About the ITV

The ITV can be carried out at any registered ITV centre, normally located on industrial estates just outside the city – you will see big signs for them when you drive along a highway.

This is the equivalent to an MOT in Britain and is a vehicle inspection certificate to ensure your car is roadworthy and complies to Spanish standards of safety.

  • The vehicle will be inspected for: Exhaust emissions, Lights (both interior and exterior), steering, brakes, suspension (shock absorbers, wheel alignment, etc.) tire tread, general condition of bodywork, mirrors, windows etc.

They also check that the car has certain safety aspects including working seatbelts.

To take the car for the ITV you don’t need an appointment but be warned that the centres can get busy and queues long at the weekends and towards the end of the month.

For the first one, you will need to bring:

  • Bill of sale (original and copy)
  • Receipt from payment of import tax & duty (original and copy)
  • Drivers License
  • Proof of car insurance
  • Passport for identification
  • Technical specifications for the vehicle (this can be obtained from vehicle manufacturer or by purchasing a Vehicle History Report)

Cost of ITV

The price varies from region to region and costs between €30 to €60. Check prices and locations, and book an appointment HERE


Don’t forget that you are legally required to purchase insurance for your car in order to drive. 

READ ALSO:  Driving in Spain: The 12 things that could land you in trouble with the law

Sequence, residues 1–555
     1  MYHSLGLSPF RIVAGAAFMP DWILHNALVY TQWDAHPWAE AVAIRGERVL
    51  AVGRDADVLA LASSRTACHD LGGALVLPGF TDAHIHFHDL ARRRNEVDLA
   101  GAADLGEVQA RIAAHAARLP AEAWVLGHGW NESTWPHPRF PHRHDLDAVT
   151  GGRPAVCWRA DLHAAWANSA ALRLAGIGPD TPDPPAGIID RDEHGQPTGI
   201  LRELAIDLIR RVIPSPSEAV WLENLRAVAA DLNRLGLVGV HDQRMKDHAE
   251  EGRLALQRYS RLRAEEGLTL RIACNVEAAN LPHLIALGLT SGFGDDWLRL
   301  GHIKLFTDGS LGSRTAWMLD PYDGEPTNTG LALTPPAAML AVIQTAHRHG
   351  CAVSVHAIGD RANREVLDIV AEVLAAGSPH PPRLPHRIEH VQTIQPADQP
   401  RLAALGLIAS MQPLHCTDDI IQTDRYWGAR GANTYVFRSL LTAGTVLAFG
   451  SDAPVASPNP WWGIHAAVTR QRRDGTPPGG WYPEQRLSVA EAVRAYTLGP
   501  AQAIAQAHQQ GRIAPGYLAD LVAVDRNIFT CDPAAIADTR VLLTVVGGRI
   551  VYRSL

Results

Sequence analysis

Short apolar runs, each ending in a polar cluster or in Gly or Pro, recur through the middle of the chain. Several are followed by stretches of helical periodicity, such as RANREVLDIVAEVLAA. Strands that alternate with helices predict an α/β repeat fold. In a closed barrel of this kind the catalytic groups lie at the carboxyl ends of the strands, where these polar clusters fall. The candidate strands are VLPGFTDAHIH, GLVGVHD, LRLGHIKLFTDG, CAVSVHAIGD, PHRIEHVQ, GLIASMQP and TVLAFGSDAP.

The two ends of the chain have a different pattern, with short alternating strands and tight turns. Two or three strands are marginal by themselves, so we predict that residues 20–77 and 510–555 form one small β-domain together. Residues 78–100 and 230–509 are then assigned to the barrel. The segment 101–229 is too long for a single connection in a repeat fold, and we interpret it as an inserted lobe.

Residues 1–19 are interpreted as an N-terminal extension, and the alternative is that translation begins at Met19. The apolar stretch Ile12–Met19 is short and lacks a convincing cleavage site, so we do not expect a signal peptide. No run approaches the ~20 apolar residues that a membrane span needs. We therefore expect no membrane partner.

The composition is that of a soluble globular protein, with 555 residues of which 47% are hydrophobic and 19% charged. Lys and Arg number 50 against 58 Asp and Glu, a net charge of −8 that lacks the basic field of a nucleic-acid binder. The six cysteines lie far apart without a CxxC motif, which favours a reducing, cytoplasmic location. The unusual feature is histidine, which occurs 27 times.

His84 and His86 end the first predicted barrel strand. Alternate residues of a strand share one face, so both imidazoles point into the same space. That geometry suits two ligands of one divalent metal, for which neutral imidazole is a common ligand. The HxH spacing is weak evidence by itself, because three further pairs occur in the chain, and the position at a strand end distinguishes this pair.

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How drivers in Spain can get 20 euro cents off every litre of fuel

Starting on Friday April 1st 2022, the Spanish government has cut the price of petrol and diesel by 20 euro cents for every litre of fuel. How can drivers in Spain take advantage of this subsidy and how much can they expect to save?

How drivers in Spain can get 20 euro cents off every litre of fuel

As part of Pedro Sánchez’s plan to lessen the impact of the Ukraine war on the Spanish economy, the government has included “a minimum reduction of 20 cents per litre of fuel” as one of its main measures to reduce spiralling costs for “families and businesses”.

This is available to all people in Spain, not just lorry drivers and other workers in the transport sector who went on strike en masse for two weeks in March over crippling fuel costs

The price drop will apply to all types of gasoline, diesel and gas, as well as bioethanol, biodiesel and the special additive AdBlue.